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Bid to extend Gallaghers’ Hermitage Quarry into ancient woodland goes before Maidstone council committee

Councillors rebelled and voted to rip up a letter approving the controversial extension of a quarry into ancient woodland.

Members of Maidstone’s planning, infrastructure and economic development policy advisory committee arrived to a town hall meeting on the issue with chants of ‘Save Oaken Wood’ ringing in their ears from protesters outside.

The meeting was called so the authority could share its views on a plan to allow Gallagher Aggregates to extend Hermitage Quarry in Barming by 96 hectares – a scheme Kent County Council (KCC) is currently consulting on.

However, councillors had been advised they simply needed to ratify a letter cabinet member Cllr Paul Cooper had already drafted in support of the scheme, albeit with conditions that the area be reinstated after extraction had taken place.

In the meeting, three public speakers condemned that response.

Kimmy Milham said it would be impossible to restore the ancient woodland that would be lost at Oaken Wood, saying “Once it has been dug up, it has gone for centuries.”

Sandra Manser said: “Climate change and the loss of biodiversity should be top of the council's agenda. This shouldn’t even need discussing. The only appropriate answer is to say ‘no’.”

The picket outside Maidstone Town Hall
The picket outside Maidstone Town Hall

Green campaigner Rachel Rodwell, one of the leading figures in the campaign opposed to the extension, told the committee that granting permission for the extensions would be granting passion to “kill wildlife and destroy 70,000 trees.”

Cllr Cooper, who was at the meeting, defended his decision saying he had made it on the basis that no other possible site had come forward and that since KCC had estimated there would be 20m tonne shortfall in the provision of hard rock over the plan period, “KCC had very little choice but to allow this.”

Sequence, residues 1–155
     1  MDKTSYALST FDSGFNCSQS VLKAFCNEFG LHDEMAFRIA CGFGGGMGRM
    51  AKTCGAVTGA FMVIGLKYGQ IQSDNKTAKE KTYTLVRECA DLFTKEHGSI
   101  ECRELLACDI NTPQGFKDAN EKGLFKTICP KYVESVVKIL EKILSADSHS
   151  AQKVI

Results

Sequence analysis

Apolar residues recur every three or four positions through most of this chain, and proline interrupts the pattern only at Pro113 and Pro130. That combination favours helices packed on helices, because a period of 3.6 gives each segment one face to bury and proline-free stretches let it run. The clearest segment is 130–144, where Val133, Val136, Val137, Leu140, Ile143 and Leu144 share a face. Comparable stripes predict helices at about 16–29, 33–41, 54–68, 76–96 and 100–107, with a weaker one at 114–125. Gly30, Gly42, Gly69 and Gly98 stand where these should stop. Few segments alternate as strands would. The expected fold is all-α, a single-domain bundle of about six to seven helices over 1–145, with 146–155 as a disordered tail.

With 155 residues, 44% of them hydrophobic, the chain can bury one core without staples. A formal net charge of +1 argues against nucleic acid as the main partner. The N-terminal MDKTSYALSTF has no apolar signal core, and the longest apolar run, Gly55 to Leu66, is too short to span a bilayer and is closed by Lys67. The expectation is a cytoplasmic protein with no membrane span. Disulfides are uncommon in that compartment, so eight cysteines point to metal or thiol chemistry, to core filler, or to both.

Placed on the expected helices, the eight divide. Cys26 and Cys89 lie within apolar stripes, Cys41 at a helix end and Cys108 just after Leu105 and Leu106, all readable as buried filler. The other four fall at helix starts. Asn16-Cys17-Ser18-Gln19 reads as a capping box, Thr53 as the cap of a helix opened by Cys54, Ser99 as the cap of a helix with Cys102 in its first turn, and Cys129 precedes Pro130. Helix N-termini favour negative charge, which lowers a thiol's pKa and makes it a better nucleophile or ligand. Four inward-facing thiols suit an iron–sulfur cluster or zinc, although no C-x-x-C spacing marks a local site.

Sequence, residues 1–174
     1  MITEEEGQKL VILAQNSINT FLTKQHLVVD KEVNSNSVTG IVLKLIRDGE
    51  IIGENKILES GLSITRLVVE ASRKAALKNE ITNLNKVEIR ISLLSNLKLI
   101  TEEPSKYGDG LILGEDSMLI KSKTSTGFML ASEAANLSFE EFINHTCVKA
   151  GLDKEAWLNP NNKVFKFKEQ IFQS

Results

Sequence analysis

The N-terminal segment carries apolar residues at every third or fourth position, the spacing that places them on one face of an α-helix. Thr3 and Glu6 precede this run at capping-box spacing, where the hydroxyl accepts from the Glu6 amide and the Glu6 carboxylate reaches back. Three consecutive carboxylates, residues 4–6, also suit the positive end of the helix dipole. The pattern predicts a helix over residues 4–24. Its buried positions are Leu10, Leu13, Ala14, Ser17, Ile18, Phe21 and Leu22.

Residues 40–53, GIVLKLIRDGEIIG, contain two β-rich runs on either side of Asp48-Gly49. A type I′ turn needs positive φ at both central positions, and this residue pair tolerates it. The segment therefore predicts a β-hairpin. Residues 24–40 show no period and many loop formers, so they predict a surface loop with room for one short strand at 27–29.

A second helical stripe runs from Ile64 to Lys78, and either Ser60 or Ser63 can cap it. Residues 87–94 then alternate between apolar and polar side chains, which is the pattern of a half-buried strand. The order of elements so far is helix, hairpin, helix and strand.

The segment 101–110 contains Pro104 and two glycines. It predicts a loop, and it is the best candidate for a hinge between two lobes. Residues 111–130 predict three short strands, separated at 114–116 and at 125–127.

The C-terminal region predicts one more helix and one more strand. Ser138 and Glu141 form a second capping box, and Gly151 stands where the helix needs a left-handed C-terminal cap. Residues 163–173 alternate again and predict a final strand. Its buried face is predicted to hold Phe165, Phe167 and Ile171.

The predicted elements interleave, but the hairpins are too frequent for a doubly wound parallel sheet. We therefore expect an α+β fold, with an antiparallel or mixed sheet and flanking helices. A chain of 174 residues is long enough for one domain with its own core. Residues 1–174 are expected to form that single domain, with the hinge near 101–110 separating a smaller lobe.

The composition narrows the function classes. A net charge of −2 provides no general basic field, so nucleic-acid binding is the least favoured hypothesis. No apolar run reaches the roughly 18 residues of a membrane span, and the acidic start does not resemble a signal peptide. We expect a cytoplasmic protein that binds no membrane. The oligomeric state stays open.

He said the best course of action was to ensure the maximum possible mitigation measures were obtained.

He was supported by Cllr Claudine Russell (Con), an earth sciences graduate, who said she knew from personal experience that it was possible to preserve soils and successfully replant on a back-filled quarry.

She argued that they even often became a haven for wildlife.

The message from Diane and Phoebe from Barming
The message from Diane and Phoebe from Barming

But Cllr Tony Harwood (Lib Dem) disagreed. He said the proposal represented the biggest loss of ancient woodland in the UK for many decades.

He argued that government planning policy was clear – ancient woodland should not be disturbed except in “wholly exceptional circumstances” – of which there were none.

He warned that if the quarrying were allowed, the planning status of the land would change, and after quarrying had finished and it had been backfilled, the land “would then become the next housing allocation.”

Cllr Stuart Jeffery pointed out that 98% of the 20m tonnes of rock that would be extracted was destined to be crushed and used as roadstone.

He said: “To destroy ancient woodland just to build more roads just feels so utterly wrong.”

Cllr Clive English joined the protest
Cllr Clive English joined the protest

Cllr Richard Conyard (Lib Dem) suggested: “There are plenty of other sites that could be used, albeit perhaps at higher economic cost.”

In the end, it was the Independent Cllr Vanessa Jones who proposed withdrawing Cllr Cooper's letter and replacing it with one that totally opposed the quarry extension.

Her motion received cross-party support including from Conservatives Michelle Hastie and Lewis McKenna, and was passed by seven votes to two.

It is now up to cabinet member, Cllr Cooper, to decide whether he will take any notice of the committee’s decision.

In the meantime, the Conservative-run Tonbridge and Malling council has also written to KCC opposing the quarry extension.

County Cllr Chris Passmore
County Cllr Chris Passmore

KCC has also launched a second “Call For Sites” process in the hope that another less environmentally harmful and less controversial site might come forward.

Following the meeting, Ms Rodwell described the rebellion as “a great result.”

Before the session, 45 members of the public had waited outside Maidstone Town Hall to greet councillors with chants and placards as they arrived.

They were joined on the picket line by Cllrs Stuart Jeffery (Green), Clive English (Lib Dem), Maureen Cleator (Lab), and Tony Harwood (Lib Dem) and also by Cty Cllr Chris Passmore (Lib Dem).

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